*Thanks to NetGalley and the publisher for my Advanced Readers Copy in exchange for my honest review!*
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I absolutely loved this book. It was incredibly original and the characters were easy to love. O'Leary knows how to write and cheeky and quirky rom-com with a lot of heart and emotion.
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All it took was hearing the basic bones of the premise of Beth O'Leary's debut novel The Flatshare for me to determine I would absolutely be reading it as soon as I possibly could. I was so delighted to be granted access to an advanced reading copy by Flatiron Books. Even better, it became apparent from the moment I read the first few lines that this reading experience would take place in one headlong rush. No significant breaks allowed, let alone required. The Flatshare was published first in the UK and then slightly later here in the U.S. I dithered over which cover to buy as both have much to recommend them, but I finally decided on the U.S. cover. I just love the two of them standing on either side of the same door, the tiny heart between the title and author name.

Tiffy is in a massive, massive bind. Out on her ear after breaking up with her exceptionally controlling boyfriend, she needs an inexpensive place to live and she needs it yesterday. Despite her friends' significant misgivings, she decides to check out an ad for a flatshare. The man who lives there works nights and is looking for someone who will only inhabit the flat during the night and then be gone all day when he is home sleeping. They will share a bed but never at the same time, and they will agree never to even see one another. Though the situation smacks of odd (to say the very least), Tiffy is desperate and in the market for some solitude. Thus the deal is struck. And so Tiffy and Leon become flatmates. And the situation actually seems to work. Slowly they begin to communicate solely through Post-it notes stuck here and there to every available surface in Leon's flat. And these two utterly different individuals strike up an unlikely friendship that gradually develops into something more.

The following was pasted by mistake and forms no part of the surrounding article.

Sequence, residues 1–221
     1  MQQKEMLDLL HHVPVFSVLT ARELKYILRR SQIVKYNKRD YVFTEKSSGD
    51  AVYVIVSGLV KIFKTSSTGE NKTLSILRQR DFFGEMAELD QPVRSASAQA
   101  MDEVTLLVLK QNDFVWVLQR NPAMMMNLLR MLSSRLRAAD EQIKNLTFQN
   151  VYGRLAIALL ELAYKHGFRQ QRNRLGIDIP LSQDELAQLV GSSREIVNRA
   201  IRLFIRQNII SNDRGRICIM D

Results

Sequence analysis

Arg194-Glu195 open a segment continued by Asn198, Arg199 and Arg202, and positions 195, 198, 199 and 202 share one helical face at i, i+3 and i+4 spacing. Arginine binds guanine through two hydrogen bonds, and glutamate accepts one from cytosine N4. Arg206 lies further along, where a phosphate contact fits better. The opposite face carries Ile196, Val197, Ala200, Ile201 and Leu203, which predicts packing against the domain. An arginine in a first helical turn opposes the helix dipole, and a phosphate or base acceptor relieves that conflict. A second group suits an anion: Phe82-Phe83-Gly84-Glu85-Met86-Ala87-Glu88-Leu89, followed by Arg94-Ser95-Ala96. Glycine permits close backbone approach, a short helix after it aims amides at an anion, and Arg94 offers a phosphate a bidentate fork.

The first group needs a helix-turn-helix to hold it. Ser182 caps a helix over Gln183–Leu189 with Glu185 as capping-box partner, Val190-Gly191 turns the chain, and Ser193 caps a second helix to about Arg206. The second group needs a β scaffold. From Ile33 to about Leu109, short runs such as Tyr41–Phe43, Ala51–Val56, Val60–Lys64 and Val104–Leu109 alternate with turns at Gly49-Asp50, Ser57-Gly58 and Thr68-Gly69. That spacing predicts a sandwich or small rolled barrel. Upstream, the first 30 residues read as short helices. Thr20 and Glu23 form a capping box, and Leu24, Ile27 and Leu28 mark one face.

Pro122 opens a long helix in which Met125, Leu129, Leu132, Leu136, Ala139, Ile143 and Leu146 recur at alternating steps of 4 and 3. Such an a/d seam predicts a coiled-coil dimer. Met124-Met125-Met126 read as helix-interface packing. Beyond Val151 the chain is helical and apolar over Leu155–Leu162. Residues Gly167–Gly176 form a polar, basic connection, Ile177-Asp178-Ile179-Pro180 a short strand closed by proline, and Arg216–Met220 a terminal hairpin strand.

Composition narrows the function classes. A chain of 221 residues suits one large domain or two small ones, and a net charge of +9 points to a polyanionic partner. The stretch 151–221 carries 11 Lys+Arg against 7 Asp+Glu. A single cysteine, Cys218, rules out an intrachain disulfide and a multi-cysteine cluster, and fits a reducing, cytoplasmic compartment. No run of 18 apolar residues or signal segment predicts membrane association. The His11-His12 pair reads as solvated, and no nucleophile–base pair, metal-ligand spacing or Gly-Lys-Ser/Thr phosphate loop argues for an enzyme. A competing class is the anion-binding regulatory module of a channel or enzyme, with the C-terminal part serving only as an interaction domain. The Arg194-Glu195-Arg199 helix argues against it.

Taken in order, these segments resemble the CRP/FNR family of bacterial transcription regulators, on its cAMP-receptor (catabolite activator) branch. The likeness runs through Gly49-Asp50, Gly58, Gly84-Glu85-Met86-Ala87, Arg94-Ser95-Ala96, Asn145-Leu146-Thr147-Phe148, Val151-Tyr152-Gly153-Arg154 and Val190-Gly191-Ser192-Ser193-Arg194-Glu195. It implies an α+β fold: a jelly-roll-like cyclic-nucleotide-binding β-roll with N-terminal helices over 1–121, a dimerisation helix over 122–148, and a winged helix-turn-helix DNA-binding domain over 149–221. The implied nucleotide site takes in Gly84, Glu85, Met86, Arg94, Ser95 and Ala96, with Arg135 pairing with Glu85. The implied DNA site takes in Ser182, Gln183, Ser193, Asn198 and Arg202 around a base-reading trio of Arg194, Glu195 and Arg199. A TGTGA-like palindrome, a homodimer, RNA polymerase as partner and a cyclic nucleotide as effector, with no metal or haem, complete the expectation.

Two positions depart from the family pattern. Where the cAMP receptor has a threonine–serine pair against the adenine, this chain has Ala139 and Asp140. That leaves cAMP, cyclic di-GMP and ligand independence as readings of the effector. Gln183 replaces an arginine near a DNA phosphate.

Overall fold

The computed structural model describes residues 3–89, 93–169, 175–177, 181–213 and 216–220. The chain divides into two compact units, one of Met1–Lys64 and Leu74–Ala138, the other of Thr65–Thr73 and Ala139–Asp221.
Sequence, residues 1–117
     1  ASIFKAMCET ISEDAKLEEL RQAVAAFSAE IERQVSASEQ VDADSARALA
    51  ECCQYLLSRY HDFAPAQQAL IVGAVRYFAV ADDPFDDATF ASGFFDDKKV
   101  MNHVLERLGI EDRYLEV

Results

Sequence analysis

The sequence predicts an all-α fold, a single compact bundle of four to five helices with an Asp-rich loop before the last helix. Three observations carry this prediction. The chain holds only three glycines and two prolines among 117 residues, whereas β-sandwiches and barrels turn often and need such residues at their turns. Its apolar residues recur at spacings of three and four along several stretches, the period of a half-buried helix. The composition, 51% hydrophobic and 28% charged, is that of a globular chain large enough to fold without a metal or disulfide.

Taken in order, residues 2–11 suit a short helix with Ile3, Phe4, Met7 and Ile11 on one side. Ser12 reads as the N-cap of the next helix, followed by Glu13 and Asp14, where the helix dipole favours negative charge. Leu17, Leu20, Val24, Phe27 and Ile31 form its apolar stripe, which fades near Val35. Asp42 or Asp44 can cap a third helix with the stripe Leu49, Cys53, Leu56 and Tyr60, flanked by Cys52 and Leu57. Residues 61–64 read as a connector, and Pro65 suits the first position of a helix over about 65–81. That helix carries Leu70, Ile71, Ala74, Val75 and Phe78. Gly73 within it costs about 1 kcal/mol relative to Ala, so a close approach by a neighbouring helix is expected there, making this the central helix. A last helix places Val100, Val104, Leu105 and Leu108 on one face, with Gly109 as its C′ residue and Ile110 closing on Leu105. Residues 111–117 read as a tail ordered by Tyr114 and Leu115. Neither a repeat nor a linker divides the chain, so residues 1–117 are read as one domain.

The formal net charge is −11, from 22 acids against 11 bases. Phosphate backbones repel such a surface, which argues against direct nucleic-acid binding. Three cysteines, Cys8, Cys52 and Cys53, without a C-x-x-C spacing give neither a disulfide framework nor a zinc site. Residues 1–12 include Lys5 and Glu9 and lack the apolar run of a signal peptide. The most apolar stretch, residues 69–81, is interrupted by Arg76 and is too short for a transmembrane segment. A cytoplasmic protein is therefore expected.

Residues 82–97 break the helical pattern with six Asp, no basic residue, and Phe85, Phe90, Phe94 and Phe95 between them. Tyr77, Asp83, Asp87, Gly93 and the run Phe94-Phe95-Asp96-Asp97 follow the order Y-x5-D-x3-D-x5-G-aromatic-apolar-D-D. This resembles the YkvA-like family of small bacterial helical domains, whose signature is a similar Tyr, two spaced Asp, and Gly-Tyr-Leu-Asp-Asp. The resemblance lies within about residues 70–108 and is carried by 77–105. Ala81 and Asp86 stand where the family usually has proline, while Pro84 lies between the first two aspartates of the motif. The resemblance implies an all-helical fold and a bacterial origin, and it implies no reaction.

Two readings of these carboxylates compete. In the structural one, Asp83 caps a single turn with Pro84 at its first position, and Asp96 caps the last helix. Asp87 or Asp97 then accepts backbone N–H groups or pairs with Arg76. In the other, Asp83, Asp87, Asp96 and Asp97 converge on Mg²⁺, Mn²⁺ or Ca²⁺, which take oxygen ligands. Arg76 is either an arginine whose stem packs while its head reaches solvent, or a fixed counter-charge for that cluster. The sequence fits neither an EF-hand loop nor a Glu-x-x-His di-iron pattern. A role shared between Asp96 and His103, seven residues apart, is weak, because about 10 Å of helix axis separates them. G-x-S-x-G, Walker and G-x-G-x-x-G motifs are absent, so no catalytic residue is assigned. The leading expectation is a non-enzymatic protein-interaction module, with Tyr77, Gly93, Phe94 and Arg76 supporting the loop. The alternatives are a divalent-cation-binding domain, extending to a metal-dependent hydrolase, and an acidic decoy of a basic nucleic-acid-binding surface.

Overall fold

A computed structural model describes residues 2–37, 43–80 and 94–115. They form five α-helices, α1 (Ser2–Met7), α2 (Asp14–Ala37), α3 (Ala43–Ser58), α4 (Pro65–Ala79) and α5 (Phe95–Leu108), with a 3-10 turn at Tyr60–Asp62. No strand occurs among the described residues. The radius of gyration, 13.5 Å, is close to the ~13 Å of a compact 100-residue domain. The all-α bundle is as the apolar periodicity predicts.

I smile. The note is stuck on the fridge, which is already one layer deep in Post-its. My current favorite is a doodle Leon did, depicting the man in Flat 5 sitting on an enormous heap of bananas. (We still don't know why he keeps so many banana crates in his parking space.)

I rest my forehead against the fridge door for a moment, then run my fingers across the layers of paper scraps and Post-its. There's so much here. Jokes, secrets, stories, the slow unfolding of two people whose lives have been changing in parallel―or, I don't know, in sync. Different time, same place.


There are just countless moments such as this one. Tiffy and Leon are both isolated in their own ways. Leon in the much more traditional sense, in that he struggles to relate to people on a near constant basis, even finding his relationship with his girlfriend to be far more tepid than he believed it to be. His life has never been easy, and his strongest loyalties lie with his brother Richie, who was wrongfully incarcerated and who Leon works tirelessly to have exonerated and released. He is also a devoted and eminently capable palliative care nurse. Tiffy, on the other hand, is quite bubbly and accessible. She has a small group of close-knit and genuine friends and works as an editor for an arts and crafts DIY publisher. She thrives on connection and is immediately intrigued by her reclusive and elusive flatmate. Where Leon is a sedate slate, Tiffy is all the colors of the rainbow. And I just loved how helplessly Leon was drawn to the color and life (and delicious food) she brought into his life. O'Leary's pacing in this utterly delightful novel is note perfect. The way that she carefully leads her characters (and the reader) up to the inevitable meeting and through its myriad fallout is both thrilling and enchanting. As Oscar Wilde put it, "This suspense is terrible. I hope it will last." That is The Flatshare, terrible, wonderful suspense centered on a pair of such kind, empathetic characters in a perfectly irresistible scenario. I laughed so often and so happily. I recommend this debut unreservedly and eagerly await O'Leary's next novel.


"This is the bit where we turn on the telly and a nuclear war has started," I say, twisting to lie down next to him.

He smiles. "I don't think so. Doesn't work that way. Sometimes the happy thing just happens."
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This was such a cute, fun read!

After Tiffy's boyfriend dumps her, she's in desperate need of a new place to live. So she answers an ad asking for a flatmate, but it's a little unconventional: there's only one bed in the flat, and the night shift working flatmate will sleep in it during the day while Tiffy is at work, and vice versa. The two never even need to meet! They communicate via post it notes around the apartment, and of course, they eventually do meet.

Tiffy and Leon are a couple of very memorable characters! Tiffy is a bit outlandish and has a unique sense of style, while Leon rarely talks except to the people he cares a lot about. I loved reading their story and seeing the really natural relationship develop between the two of them.